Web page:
Before moving to Boston, she was a producer at CBS in New York. Drain is a graduate of Columbia University School of Journalism and has a BA from Marquette University.
Charles Lewis is a professor of journalism and the founding executive editor of the new Investigative Reporting Workshop at the American University School of Communication, in Washington, D.C.
A national investigative journalist since 1977, Lewis is a bestselling author who has founded or co-founded four nonprofit enterprises in Washington, including the Center for Public Integrity. He left a successful career as an investigative producer for ABC News and the CBS News program "60 Minutes" and began the Center for Public Integrity from his home, growing it to a full-time staff of 40 people. Under his leadership, the Center published roughly 300 investigative reports, including 14 books, from 1989 through 2004, honored more than 30 times by national journalism organizations.
Lewis was awarded a MacArthur Fellowship in 1998. And in 2004, PEN USA, the respected literary organization, gave its First Amendment award to Lewis, "for expanding the reach of investigative journalism, for his courage in going after a story regardless of whose toes he steps on, and for boldly exercising his freedom of speech and freedom of the press." In 2009, the Encyclopedia of Journalism cited Lewis as "one of the 30 most notable investigative reporters in the U.S. since World War I."
Robert J. Rosenthal is executive director of The Center for Investigative Reporting. An award-winning journalist, Rosenthal has worked for some of the most respected newspapers in the country, including The New York Times, Boston Globe, Philadelphia Inquirer and, most recently, the San Francisco Chronicle. Rosenthal worked for 22 years at the Inquirer, starting as a reporter and eventually becoming its executive editor in 1998. He became managing editor of the San Francisco Chronicle in late 2002, and joined CIR as executive director in 2008.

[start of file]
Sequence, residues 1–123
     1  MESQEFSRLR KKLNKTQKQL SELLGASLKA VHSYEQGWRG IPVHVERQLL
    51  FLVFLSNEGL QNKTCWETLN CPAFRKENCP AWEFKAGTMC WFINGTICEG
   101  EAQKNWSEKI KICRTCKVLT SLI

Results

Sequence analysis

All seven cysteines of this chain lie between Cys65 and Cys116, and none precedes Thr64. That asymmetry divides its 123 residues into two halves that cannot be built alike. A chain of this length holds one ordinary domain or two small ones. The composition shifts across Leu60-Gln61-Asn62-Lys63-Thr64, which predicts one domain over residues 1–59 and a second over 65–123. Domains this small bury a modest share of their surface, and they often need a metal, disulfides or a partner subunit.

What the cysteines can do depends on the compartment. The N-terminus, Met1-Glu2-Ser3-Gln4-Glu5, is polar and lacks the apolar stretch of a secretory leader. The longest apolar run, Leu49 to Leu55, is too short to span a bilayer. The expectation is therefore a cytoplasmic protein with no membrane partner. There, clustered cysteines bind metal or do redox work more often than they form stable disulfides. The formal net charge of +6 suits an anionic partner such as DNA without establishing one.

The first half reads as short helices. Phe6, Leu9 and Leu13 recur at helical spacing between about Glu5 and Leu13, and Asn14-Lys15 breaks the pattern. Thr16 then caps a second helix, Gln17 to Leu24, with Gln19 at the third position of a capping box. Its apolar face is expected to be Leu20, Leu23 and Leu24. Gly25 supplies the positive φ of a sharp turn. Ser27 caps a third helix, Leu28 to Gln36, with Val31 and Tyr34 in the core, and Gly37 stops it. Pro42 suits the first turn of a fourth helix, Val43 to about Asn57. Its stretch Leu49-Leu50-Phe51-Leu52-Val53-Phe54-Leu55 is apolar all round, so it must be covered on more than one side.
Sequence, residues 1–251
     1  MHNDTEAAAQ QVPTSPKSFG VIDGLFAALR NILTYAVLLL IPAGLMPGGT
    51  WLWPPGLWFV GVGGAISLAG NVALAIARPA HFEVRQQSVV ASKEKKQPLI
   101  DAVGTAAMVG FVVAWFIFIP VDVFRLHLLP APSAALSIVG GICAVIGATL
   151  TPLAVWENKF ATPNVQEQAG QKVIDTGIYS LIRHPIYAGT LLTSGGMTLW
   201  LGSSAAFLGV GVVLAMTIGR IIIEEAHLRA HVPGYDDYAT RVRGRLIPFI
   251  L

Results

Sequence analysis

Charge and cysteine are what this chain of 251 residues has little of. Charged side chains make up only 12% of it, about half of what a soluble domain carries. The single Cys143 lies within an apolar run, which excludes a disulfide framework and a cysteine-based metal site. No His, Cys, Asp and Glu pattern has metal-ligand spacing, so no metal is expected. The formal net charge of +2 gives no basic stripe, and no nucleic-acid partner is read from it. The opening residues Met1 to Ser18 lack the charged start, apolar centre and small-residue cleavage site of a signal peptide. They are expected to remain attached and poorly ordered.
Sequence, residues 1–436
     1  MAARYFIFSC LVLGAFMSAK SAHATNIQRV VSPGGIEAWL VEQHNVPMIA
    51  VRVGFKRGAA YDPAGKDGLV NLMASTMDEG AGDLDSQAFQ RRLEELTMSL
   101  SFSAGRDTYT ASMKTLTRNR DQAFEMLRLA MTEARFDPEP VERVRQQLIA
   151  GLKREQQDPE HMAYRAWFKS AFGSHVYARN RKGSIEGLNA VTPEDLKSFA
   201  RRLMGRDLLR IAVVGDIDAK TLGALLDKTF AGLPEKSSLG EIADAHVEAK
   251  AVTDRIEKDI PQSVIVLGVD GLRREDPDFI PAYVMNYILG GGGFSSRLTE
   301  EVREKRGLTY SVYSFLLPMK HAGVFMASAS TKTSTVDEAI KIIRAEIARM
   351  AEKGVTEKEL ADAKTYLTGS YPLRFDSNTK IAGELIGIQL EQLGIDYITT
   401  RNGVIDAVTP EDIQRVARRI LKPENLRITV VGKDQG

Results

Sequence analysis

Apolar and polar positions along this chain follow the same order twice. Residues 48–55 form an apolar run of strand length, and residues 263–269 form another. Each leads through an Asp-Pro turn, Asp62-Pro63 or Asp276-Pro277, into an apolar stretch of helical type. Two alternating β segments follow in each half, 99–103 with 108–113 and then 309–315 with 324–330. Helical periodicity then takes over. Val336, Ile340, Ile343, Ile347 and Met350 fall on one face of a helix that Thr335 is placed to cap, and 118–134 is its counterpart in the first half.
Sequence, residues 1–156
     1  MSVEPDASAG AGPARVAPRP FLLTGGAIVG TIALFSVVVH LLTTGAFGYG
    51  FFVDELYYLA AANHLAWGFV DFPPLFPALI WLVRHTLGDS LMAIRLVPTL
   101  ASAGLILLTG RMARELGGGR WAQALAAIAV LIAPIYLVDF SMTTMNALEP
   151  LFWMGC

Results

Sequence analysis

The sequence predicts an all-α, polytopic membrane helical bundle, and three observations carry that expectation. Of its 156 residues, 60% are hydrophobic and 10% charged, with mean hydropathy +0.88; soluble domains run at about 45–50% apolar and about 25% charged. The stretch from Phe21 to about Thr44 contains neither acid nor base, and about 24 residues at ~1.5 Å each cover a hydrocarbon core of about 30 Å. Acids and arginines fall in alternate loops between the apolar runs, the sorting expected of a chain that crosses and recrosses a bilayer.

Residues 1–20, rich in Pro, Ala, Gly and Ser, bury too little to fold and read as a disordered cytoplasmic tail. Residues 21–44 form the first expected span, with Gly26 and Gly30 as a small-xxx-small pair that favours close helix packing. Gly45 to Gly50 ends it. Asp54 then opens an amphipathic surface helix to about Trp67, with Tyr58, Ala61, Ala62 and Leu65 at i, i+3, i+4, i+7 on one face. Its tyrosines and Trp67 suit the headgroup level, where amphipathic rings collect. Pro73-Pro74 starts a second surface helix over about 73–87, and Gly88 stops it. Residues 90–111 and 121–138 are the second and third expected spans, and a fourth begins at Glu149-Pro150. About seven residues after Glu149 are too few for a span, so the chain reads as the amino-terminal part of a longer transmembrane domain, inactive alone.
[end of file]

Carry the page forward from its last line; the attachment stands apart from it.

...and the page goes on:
Calvin Sims focuses on the development of a free and responsible press worldwide. His work helps foster new and innovative models of reporting, disseminating and financing quality news, with a concentration on social justice issues, diversity of voices, standards and ethics, and press freedoms.
Prior to joining the Ford Foundation in 2007, Calvin spent two decades at The New York Times. He was a director, producer and foreign correspondent and played a central role in the newspaper's expansion into television, documentaries and the Web. He anchored the Times's nightly television news program, hosted a weekly podcast on foreign affairs and produced a critically acclaimed documentary for PBS on the rise of radical Islam in Indonesia. As a foreign correspondent, Calvin was based in Buenos Aires, Tokyo, Seoul and Jakarta.